We asked Lindsay Atkinson from Women in Moto and Sophie McGinn, a Motorsport presenter and content creator to lead the Red Roses team bus into Twickenham for the momentous game against France on Saturday 29th April. Riding the new Honda CB750 Hornets, Sophie and Lindsay lead the team bus bringing together women in Motorcycles and women in elite sports.
The Red Roses once again made history by setting a new attendance record of 58,498 at Twickenham Stadium. The game was a thrilling display of rugby prowess and a testament to the growing popularity and recognition of women's rugby.
Those who arrived early were treated to a view of the new Honda Hornets and the England coach as they made their way down London Road towards Twickenham, winding through busy roads flanked with cheering fans soaking up the atmosphere and enjoying the sunshine.
Once on the field, the match was a riveting example of action-packed rugby and a sign of the progress being made in the sport. Full match report below.
"What we achieved yesterday at Twickenham was amazing, not just for women on Motorcycles, but women in all sports. It was an honour to lead the England Women's team into the stadium, and to see them crowned champs was unbelievable and very emotional. Can't thank Women in Moto UK and Honda UK Motorcycles for putting women at the FOREfront on two Honda Hornets!"
"We must have been good luck charms, because their epic win made history as the highest attended women's rugby game ever at 58,498 attendees!"
England scored six tries to secure a TikTok Women's Six Nations Grand Slam in their first ever standalone fixture at Twickenham Stadium in front of a record-breaking crowd.
58,498 fans packed into the Twickenham stands to witness history in the making, 20 years on since Maxine Edwards led out the side against France in 2003.
Four first half tries from Abby Dow, Marlie Packer, Alex Matthews, Zoe Aldcroft and one penalty try gave the hosts a commanding lead at the break. France responded through Emilie Boulard, Gabrielle Vernier, Charlotte Escudero, Emeline Gros and Cyrielle Banet in the second half, but Lark Davies' try made the difference in a pulsating fixture at the home of England rugby.
Simon Middleton's charges had their work cut out for them in the opening exchanges as France came out firing from kick off. Jessy Tremouliere opted for the sticks after an early penalty, but the ball flew wide of the posts to keep the scores.
England struggled to find an exit from their 22 as France continued to pile on the pressure, but an electric break from Helena Rowland in the 17th minute created the space for Dow to score on the right wing and break the deadlock.
This seemed to ignite the hosts' fire as their attacking flair began to show. A second try soon came through the hands of captain Packer, the who powering over the line under the sticks.
Tremouliere was shown a yellow card for a deliberate knock-on in her own 22 and the resulting scrum punished the visitors as Matthews piled over from the base for England's third. France were shown a second yellow for a Rose Bernadou infringement close to the line, with referee Aimee Barrett-Theron awarding a penalty try to the Red Roses.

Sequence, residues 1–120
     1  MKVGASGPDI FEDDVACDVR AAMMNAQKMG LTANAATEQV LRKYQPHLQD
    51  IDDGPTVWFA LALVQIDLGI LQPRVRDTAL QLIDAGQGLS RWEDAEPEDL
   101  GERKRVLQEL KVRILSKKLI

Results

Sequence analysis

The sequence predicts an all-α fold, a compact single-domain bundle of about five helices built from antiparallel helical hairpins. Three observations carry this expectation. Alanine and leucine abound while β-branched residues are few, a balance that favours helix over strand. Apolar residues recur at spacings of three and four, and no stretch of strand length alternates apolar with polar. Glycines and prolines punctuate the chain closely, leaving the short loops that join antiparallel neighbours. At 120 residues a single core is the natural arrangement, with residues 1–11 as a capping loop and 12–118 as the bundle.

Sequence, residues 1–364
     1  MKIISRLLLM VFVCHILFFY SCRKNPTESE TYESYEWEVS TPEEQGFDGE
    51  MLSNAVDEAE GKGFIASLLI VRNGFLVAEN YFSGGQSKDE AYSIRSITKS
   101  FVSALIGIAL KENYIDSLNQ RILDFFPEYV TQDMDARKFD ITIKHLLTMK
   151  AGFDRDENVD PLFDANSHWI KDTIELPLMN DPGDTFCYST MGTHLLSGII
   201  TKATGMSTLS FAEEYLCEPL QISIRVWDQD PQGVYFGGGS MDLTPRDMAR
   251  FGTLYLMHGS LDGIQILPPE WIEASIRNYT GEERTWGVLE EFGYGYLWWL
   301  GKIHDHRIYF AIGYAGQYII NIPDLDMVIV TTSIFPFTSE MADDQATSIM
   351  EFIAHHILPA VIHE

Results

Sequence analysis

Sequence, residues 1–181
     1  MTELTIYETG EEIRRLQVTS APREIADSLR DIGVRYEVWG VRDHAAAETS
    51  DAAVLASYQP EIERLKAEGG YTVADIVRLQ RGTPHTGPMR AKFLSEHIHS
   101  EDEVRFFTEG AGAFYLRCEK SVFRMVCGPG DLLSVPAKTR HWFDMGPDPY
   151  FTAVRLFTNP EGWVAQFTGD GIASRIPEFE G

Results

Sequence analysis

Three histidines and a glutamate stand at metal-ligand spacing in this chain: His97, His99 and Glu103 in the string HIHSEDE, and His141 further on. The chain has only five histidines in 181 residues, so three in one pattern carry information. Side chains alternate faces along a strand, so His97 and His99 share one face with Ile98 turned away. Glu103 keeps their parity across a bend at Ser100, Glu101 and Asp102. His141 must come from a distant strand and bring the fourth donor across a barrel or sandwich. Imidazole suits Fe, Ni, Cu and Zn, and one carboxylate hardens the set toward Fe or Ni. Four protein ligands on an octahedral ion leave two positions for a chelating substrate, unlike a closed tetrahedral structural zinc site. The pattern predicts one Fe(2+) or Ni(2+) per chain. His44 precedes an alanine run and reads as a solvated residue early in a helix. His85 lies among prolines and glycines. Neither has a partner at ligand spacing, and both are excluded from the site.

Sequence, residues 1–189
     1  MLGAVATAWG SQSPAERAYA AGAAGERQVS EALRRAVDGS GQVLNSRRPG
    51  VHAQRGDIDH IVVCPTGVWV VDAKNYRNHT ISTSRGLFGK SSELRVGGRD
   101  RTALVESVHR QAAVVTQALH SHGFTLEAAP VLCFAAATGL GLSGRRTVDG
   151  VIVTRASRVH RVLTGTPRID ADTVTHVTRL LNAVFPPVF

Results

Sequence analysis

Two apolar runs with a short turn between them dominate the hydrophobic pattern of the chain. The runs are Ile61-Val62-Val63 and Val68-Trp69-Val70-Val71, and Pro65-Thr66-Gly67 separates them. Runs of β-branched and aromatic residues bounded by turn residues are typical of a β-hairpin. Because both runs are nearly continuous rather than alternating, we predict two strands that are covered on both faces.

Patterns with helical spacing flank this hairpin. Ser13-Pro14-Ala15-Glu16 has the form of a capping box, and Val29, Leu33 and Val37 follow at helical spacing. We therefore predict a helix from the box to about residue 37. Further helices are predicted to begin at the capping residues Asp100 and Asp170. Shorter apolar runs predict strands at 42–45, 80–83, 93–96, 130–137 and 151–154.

Aldcroft's converted try on the cusp of half time sent her team to the changing room with a commanding 33-0 lead after a 40-minute spell which saw England make 430 metres from 90 carries.
France started the second half in similar fashion to the first, applying pressure in England's 22 and eventually finding the line through fullback Boulard for their first try of the game.
Vernier's score in the 56th minute was met with fierce response from the Red Roses, who worked their way up the pitch for Davies to score from the base of a driving maul. Escudero found the line for her side's third in similar fashion soon after.
Packer looked set to score her second try of the game in the final quarter, but her effort was deemed to be held up by Carla Arbez. France secured their bonus point score through Gros before Banet's effort in the final seconds brought the score to within five.
But it was too little too late as the clock entered the red and the final whistle sounded, confirming England as Grand Slam champions.
15. Ellie Kildunne, 14. Abby Dow, 13. Helena Rowland, 12. Tatyana Heard, 11. Claudia MacDonald, 10. Holly Aitchison, 9. Lucy Packer, 1. Hannah Botterman, 2. Lark Davies, 3. Sarah Bern, 4. Zoe Aldcroft (VC), 5. Sarah Beckett, 6. Sadia Kabeya, 7. Marlie Packer (C), 8. Alex Matthews.
16. Connie Powell, 17. Mackenzie Carson, 18. Maud Muir, 19. Poppy Cleall, 20. Morwenna Talling, 21. Natasha Hunt, 22. Amber Reed, 23 Jessica Breach.
15. Boulard, 14. Banet, 13. Menager, 12. Vernier, 11. Llorens, 10. Tremouliere, 9. Bourdon, 1. Brosseau, 2. Sochat, 3. Bernadou, 4. Feleu, 5. Forlani (C), 6. Berthoumieu, 7. Hermet, 8. Escudero.
16. Riffonneau, 17. Mwayembe, 18. Khalfaoui, 19. Menager, 20. Gros, 21. Chambon, 22. Arbez, 23. Filopon.
The collaboration between the two industries was a powerful symbol of gender equality, and a reminder that women can achieve greatness in any field they choose. The sight of two female bikers leading a team of elite rugby players into one of the most iconic stadiums in the world was a moment to remember.